Kentucky State AG Cameron: ‘Joe Biden promises more to illegal immigrants than he does to you.’

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WASHINGTON, DC – The Republican National Convention featured a diverse group of speakers on its second night, including first lady Melania Trump, Kentucky State Attorney General Daniel Cameron, pro-life advocate Abby Johnson, and 18-year-old student Nicholas Sandmann.

The convention’s theme was “Land of Opportunity”, and featured a full pardon for a convicted felon and a naturalization ceremony for three women and two men.

First lady Melania Trump headlined from the White House Rose Garden, speaking about her experience with the American dream as an immigrant:

“It is still one of the proudest moments in my life, because with hard work and determination I was able to achieve my own American dream.”

Kentucky State Attorney General Daniel Cameron, who is black, criticized former Vice President Joe Biden and his alignment with the radical left, saying:

“Joe Biden will destroy jobs, raise our taxes and throw away the lives of countless unborn children, and he is captive to the radical left – a movement committed to cancel culture and the destruction of public discourse.

“They believe your skin color must dictate your politics, and if you fail to conform while exercising your God-given right to speak and think freely, they will cut you down.”

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Cameron also said that President Donald J. Trump built an economy that benefits everyone:

“President Trump did build an economy that worked for everyone especially minorities, and he will do it again.

“Joe Biden promises more to illegal immigrants than he does to you. But President Trump believes his highest duty is to the American worker. The choice is clear.”

In his closing remarks, Cameron noted:

“Let me close with something my mom told me. This country’s many faces comprise a family, not separate parts to be divided against each other, and like any family, we care for one another.

“We grieve together. We share our burdens and our struggles and we celebrate our successes, and though we fuss and fight, we are not enemies.

“We are Americans, united by a collective faith in our Constitution, and laws, and the fundamental fairness they represent.

“We are defenders of life and of individual liberty, and we carry the mantle of Eisenhower and of Reagan to be a force for good in this world and one that must always be reckoned with.

“That’s my Republican Party. The party of Lincoln that believes America is an indispensable nation, an evergreen tree standing tall in a turbulent world, and that’s why I am voting for Donald Trump for president.”

Abby Johnson, a former Planned Parenthood Director-turned-pro-life activist, said Americans have two stark choices for this year’s election:

“Life is a core tenet of who we are as Americans. This election is a choice between two radical, anti-life activists and the most pro-life president we’ve ever had. That’s something that should compel you to action.”

Johnson shared what she experienced during her eight-year tenure working in an abortion clinic. She explained that she was given Planned Parenthood’s Employee of the Year award and invited to attend its annual gala, where the organization presented its highest honor, the Margaret Sanger Award, named after its racist founder:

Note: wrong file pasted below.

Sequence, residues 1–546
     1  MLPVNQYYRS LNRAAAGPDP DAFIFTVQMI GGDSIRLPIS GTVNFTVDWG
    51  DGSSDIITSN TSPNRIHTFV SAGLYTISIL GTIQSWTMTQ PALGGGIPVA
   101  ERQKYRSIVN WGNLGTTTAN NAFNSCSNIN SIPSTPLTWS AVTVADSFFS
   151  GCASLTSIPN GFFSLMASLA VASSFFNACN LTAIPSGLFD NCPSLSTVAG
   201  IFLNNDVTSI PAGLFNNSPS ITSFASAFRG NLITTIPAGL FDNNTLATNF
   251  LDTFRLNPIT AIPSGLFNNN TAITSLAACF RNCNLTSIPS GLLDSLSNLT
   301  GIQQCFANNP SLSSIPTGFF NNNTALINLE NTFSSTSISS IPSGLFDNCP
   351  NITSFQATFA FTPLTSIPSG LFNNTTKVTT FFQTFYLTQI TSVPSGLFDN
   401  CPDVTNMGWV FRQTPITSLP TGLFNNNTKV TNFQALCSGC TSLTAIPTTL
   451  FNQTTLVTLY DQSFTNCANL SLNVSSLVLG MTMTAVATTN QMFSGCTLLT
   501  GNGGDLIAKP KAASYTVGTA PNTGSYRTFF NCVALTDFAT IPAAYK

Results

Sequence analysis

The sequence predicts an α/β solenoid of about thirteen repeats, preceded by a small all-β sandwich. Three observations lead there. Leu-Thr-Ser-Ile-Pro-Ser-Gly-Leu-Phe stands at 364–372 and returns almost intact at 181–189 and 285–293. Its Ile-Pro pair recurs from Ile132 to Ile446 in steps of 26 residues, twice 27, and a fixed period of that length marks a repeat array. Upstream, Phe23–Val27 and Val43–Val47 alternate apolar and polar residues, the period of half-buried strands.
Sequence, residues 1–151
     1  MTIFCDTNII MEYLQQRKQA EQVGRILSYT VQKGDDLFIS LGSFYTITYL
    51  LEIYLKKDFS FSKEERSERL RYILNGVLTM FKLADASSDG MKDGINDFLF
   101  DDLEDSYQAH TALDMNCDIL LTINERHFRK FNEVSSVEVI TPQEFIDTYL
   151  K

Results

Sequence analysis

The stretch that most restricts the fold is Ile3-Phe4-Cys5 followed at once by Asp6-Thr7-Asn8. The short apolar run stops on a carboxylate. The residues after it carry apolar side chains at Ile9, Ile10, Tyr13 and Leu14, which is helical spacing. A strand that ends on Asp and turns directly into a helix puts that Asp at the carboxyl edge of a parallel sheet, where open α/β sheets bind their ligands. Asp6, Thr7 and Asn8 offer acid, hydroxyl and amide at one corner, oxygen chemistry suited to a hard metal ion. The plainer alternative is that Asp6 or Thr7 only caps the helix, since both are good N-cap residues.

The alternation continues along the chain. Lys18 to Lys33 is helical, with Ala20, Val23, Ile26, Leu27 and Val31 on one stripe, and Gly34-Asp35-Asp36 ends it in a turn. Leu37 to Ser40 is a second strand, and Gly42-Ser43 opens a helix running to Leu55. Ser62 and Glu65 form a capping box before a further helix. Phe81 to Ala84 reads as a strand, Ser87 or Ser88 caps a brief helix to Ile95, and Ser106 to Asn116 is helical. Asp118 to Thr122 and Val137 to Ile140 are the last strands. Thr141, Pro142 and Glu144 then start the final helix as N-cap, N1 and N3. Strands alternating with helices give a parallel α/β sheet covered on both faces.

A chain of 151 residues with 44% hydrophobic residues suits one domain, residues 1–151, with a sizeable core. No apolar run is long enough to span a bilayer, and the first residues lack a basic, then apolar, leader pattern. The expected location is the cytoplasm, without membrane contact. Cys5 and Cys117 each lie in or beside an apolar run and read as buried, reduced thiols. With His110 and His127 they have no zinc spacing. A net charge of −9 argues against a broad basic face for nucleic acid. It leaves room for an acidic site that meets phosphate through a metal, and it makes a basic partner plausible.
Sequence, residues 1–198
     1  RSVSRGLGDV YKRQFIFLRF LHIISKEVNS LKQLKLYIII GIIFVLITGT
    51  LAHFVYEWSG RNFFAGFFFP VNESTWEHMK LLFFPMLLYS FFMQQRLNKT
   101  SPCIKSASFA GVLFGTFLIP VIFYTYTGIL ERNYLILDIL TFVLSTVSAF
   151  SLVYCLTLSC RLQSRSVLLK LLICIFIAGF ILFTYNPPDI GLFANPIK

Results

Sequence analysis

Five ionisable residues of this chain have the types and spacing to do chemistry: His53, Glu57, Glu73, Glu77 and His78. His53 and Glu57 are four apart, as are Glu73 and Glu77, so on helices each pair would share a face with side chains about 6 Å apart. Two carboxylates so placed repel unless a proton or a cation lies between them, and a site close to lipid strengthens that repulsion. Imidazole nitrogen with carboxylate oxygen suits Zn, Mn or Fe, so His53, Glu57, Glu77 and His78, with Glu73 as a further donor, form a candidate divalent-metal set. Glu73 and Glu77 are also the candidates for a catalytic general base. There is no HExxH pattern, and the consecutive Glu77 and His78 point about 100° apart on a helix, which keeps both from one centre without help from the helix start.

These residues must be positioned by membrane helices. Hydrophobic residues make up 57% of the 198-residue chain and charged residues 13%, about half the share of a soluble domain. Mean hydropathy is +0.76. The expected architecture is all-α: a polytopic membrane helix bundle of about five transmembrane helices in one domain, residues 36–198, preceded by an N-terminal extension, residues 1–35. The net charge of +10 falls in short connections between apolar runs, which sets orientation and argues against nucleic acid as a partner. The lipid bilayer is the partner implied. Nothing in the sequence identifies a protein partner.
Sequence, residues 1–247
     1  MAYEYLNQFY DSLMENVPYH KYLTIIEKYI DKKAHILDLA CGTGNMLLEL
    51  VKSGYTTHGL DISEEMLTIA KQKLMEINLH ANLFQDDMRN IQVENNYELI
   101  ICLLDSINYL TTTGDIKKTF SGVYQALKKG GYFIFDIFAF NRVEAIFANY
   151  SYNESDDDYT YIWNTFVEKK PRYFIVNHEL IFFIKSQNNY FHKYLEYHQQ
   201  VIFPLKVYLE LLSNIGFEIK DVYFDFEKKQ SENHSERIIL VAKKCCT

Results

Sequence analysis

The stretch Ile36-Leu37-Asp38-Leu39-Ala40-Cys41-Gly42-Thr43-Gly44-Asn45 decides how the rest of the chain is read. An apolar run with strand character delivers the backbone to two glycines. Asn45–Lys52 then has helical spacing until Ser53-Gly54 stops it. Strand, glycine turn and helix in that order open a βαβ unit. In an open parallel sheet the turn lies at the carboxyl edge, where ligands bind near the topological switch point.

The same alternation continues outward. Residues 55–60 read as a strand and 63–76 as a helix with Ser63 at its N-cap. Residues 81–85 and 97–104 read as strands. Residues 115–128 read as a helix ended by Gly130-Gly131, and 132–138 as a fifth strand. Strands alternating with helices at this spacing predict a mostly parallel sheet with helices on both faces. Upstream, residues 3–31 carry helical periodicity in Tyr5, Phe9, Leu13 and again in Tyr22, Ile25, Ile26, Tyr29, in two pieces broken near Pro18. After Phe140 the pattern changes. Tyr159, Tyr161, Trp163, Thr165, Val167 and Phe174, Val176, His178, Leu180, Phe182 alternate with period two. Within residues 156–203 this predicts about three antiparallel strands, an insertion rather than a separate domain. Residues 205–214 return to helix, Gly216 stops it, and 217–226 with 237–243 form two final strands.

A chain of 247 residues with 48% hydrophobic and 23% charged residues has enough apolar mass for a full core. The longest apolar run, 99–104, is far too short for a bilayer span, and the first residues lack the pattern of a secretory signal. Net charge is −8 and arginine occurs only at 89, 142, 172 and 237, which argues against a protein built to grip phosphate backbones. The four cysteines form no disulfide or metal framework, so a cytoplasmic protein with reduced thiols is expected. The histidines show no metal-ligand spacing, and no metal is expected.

“Margaret Sanger was a racist who believed in eugenics. Her goal when founding Planned Parenthood was to eradicate the minority population.”

Johnson pointed out that nearly 80 percent of abortion clinics are “strategically located in minority neighborhoods.”

She also mentioned that a supervisor gave her a new abortion quota to meet:

“I was expected to sell double the abortions performed the previous year.”

When Johnson objected, she was reprimanded and told that abortion was how the organization made money.

The watershed moment for Johnson leaving Planned Parenthood occurred after she was asked to assist a doctor during an abortion:

“Nothing prepared me for what I saw on the screen – an unborn baby fighting back, desperate to move away from the suction [instrument].

“And I’ll never forget what the doctor said next – ‘Beam me up, Scotty.’ The last thing I saw was a spine twirling around in the mother’s womb before succumbing to the force of the suction.”

Nicholas Sandmann, a student from Covington, Kentucky, who became a mainstream media target after his unexpected encounter with a political activist on the National Mall, urged voters Tuesday night to join Trump’s battle against media bias and spoke about being “canceled.”

“I learned that what was happening to me had a name. It was called being canceled.”

Recalling the events that unfolded following the Jan. 2019 March for Life in Washington, D.C., that he and his classmates had attended, Sandmann said:

“My life changed forever in that one moment. The full war machine of the mainstream media revved up into attack mode.

“The truth wasn’t important. Advancing their anti-Christian, anti-Conservative, anti-Donald Trump narrative was all that mattered, and if advancing their narrative ruined the reputation and future of a teenager from Covington, Kentucky … so be it.

“I learned that what was happening to me had a name. It was called being canceled. As in annulled. As in revoked. As in made void.”

Sandmann, 18, spoke out against the phenomenon of cancel culture, saying that being “canceled” is what happens “to people around this country who refuse to be silenced by the far left.”

From the steps of the Lincoln Memorial, where his infamous confrontation with political activist Nathan Phillips occurred, Sandmann said Americans:

“are being fired, humiliated or even threatened” as a result of cancel culture and that “often the media is a willing participant.”

Sandmann closed by putting on a “Make America Great Again” hat.

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